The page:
“Suddenly and unexpectedly the bottom came into sight, with only two of my torches still working (the two SabreLite beams lit up the bottom clearly; the other two torch bodies had been squashed by the pressure and the terminals were not making contact) my view of the bottom and moment of glory was short and sweet. I saw a lunar type landscape of grey silt with the odd small rock sticking out, and there was some slack rope on the flat bottom. There were holes in the grey silt where the weights had gone in, as well as a small ledge which I had to get past to reach the deepest spot about five meters away horizontally. There was only one way, I had to swim whilst taking up the slack on the rope. Since I was negatively buoyant and had no time to inflate the wings (buoyancy aids) I landed on all fours. My worse nightmare came true: a silt-out at the bottom of a very deep cave with a slack guideline while on all fours and under the influence of nitrogen narcosis and helium tremors. My first priority was to stand up without losing balance or becoming tangled in or losing the line; the quads and two side – mounts did not help. I tried to swim up but failed and became dizzy. I relaxed and inflated the wings; it took 30kg of lift to ascend fifteen meters and get out of the mud and silt.”
Gomes had reached an averaged depth of – 282.6 m. In assessing the significance of these Bushmansgat dives it should be remembered that this site lies at an altitude over 1,500/5,000 ft. Although this has minimal influence on the difficulties of descent, when this factor is taken into account for decompression purposes the corrected depth becomes – 337 m with the corresponding time and logistical implications. This twelve-hour solo operation was undertaken without the use of a diving bell or saturation system. Other items of equipment employed on this world record dive where Poseidon Cyklon 5000 regulators, Aladin Pro Computers, Dive Rite 60 lbs redundant wings and Sabre lights chosen for their reliability at such extreme pressures. Despite the availability of more sophisticated equipment, Gomes remains convinced that this rig was the most suitable for the task. It is worth noting that his far larger supply of bottom mix (than that employed in the Zacaton dives) gave him a greater margin for error that allowed him to deal with the vicissitudes he encountered in the silted base of the cave.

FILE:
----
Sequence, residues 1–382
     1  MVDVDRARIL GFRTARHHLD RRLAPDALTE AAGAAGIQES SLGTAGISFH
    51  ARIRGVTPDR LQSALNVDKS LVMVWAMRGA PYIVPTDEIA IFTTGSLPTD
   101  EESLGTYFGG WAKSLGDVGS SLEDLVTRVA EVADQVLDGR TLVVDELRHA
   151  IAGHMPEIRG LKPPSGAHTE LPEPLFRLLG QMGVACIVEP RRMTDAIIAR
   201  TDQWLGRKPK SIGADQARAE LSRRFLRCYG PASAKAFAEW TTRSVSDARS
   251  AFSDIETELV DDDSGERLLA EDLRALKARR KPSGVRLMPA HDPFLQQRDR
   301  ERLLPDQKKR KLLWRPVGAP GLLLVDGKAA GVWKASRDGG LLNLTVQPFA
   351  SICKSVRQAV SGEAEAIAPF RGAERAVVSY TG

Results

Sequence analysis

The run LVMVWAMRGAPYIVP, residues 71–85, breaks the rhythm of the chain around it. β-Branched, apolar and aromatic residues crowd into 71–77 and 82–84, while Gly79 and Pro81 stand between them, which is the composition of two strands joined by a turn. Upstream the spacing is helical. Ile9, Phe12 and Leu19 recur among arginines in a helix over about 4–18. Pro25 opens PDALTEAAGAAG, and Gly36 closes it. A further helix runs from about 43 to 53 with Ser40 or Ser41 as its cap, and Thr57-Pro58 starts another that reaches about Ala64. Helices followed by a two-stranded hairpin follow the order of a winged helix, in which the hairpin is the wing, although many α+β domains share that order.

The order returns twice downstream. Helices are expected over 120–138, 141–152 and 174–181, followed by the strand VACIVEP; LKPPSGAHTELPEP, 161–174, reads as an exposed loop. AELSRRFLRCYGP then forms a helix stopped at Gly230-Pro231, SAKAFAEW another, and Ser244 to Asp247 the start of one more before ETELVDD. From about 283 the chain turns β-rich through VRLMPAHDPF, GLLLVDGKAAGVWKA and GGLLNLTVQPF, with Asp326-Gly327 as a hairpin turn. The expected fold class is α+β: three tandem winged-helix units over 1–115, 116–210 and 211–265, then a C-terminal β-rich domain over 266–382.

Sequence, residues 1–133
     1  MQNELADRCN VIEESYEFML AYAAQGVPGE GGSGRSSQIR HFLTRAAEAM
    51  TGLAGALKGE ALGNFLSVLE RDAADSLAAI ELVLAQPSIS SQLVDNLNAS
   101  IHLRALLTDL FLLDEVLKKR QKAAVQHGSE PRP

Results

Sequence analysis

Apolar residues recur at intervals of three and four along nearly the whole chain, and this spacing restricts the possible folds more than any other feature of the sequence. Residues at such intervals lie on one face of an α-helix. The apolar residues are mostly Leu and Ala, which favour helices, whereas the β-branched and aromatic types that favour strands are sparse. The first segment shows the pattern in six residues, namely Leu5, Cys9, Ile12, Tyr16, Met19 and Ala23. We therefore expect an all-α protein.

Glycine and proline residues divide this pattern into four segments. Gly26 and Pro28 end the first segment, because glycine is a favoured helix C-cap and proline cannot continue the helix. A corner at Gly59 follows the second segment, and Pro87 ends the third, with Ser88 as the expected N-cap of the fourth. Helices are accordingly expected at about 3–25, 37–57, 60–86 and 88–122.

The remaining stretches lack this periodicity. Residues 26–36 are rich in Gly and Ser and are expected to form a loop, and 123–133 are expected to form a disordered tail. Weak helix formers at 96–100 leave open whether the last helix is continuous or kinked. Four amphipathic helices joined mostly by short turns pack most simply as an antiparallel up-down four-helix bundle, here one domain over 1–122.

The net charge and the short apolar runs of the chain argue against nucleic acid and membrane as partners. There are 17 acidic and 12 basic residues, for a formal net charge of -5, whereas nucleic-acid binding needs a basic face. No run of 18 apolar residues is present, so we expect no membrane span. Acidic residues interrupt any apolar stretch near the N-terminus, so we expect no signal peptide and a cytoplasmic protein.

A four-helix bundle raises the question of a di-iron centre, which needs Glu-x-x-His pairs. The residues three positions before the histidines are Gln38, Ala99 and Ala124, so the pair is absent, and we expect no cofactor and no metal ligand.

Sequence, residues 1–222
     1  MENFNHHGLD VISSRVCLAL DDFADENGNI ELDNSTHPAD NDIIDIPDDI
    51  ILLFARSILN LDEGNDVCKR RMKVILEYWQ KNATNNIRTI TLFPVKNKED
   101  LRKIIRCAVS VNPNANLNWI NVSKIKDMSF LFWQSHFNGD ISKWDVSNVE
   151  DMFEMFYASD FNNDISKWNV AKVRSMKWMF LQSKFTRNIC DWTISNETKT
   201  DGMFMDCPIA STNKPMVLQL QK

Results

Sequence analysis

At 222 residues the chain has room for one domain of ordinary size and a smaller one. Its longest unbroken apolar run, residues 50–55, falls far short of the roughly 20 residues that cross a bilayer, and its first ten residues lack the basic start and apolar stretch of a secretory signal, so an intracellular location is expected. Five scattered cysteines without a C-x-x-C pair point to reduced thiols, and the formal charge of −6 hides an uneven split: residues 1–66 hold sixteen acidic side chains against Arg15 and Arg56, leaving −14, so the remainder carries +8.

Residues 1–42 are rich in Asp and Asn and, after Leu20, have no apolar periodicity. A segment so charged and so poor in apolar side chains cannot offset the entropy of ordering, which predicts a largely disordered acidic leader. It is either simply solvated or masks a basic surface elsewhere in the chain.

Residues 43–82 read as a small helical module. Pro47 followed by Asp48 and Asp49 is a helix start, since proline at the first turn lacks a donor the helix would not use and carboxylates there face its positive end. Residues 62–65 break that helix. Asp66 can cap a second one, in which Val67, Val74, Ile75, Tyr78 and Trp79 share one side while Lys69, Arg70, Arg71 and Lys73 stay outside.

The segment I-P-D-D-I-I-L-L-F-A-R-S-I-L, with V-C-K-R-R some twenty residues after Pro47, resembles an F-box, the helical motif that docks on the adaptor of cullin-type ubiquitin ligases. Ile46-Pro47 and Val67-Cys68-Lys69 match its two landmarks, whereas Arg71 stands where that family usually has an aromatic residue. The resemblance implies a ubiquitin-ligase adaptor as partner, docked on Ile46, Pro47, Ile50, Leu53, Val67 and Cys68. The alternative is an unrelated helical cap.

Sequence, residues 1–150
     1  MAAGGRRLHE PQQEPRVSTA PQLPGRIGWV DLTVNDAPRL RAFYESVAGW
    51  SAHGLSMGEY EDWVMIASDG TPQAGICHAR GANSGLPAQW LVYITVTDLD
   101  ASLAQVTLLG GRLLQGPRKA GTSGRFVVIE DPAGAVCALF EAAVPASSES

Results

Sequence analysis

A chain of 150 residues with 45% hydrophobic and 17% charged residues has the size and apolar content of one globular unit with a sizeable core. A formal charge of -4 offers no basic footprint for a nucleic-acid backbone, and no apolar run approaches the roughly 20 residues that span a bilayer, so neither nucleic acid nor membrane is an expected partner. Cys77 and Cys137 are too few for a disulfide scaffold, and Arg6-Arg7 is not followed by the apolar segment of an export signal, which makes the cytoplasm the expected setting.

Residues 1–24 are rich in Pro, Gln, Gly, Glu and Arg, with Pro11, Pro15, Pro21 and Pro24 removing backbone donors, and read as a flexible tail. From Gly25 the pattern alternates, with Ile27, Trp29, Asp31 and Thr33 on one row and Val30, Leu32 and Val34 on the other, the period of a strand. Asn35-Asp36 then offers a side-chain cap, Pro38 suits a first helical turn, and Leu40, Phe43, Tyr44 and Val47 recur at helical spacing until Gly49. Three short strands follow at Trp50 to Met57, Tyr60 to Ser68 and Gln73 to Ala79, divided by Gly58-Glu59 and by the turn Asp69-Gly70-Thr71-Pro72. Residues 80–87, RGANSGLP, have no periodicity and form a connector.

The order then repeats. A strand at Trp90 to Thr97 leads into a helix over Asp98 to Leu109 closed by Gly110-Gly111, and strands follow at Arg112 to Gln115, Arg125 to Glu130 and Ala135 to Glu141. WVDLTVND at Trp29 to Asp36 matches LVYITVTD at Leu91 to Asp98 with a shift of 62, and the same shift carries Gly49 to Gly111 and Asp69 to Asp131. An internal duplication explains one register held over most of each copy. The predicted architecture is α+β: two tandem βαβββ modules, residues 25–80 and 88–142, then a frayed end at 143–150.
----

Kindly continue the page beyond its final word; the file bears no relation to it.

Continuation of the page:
Completely autonomous deep diving penetrations such as those conducted at Zacaton, Bushmansgat and the Fontaine de Vaucluse are clearly edging towards the limits of human endeavour. Commercial diving, involving deep submersible bells and divers breathing though umbilical tubes, takes place at greater depths but there is no comparison between these two types of operation. Amateur sporting and exploratory pioneers such as Bowden, Exley and Gomes, are operating at the very limits of physiological knowledge and confronting infinitely greater risks. This diving is thus fraught with great hazard and Exley’s experience in Bushmansgat and his demise in Zacaton carries an obvious warning. It seems that with the existing technology and knowledge Gomes’s Bushmansgat dive could not be repeated, even by Gomes himself, with any degree of safety assured.
Extract from: THE DARKNESS BECKONS by Martyn Farr.